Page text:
Pioneers of Survival
Chuck Thorpe runs the Navlab group in the Robotics Institute of Carnegie Mellon
University. His interests are in computer vision, planning, and architectures
for outdoor robot vehicles. Since 1984, the Navlab group has built a series of
10 robot cars, HMMWVs, (aka "Hummers") minivans, and full-sized passenger
buses. The research is funded by the Defense Advanced Research Project Agency
(DARPA) for building off-road scout vehicles, and by the U.S. Department of
Transportation for traffic safety and automated highways.
NOVA: Why do we need automated cars and highways?
Thorpe: We need cars that are much more intelligent than the cars that we have
today. This is not because we want to take people out of the cars, but because
we want to help people get to where they need to get to much more safely and
much more efficiently than we can today. People have done a good job driving.
But there's so much traffic congestion, and there are so many accidents still
left that the only way to get better surface transportation is to have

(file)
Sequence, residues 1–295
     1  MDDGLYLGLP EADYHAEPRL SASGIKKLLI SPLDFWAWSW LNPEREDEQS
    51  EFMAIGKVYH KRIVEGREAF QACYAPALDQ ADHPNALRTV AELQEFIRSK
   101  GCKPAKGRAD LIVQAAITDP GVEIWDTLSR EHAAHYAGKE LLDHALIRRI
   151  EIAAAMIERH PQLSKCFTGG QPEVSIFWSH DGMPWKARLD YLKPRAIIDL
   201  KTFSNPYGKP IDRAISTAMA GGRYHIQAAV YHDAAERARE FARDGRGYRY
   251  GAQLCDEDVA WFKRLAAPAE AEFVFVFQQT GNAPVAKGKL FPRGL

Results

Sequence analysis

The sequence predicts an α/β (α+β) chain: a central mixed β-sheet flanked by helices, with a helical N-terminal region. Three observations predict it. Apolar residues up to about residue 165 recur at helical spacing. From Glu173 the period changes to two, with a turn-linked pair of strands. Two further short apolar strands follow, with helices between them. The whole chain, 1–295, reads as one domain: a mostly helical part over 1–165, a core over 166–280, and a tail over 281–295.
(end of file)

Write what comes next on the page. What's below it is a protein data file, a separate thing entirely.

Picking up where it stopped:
automated cars, automated trucks, and automated buses with all of the sensors
that can help people do the driving.
NOVA: Can you tell us how you got involved with highway safety?
This computer simulation illustrates one way an Automated Highway could be designed.
Thorpe: My interest in highway safety really goes back to when I was a little
kid in 1963. My dad is an emergency room physician. In 1963 he declared a woman
dead who was thrown out of her car in an accident and run over by her own car.
My dad went out that night and bought seatbelts and put them in our car. See,
in 1963, that's how you got better safety. You put seatbelts in cars, you built
Interstate highways, and so forth. Now our cars have seatbelts and airbags and
anti-lock brakes. The cars have gotten a lot safer. We have the Interstate
highway system, which is now officially complete. So we've reduced a lot of
those causes of the accidents. We're left with the 90 percent of the accidents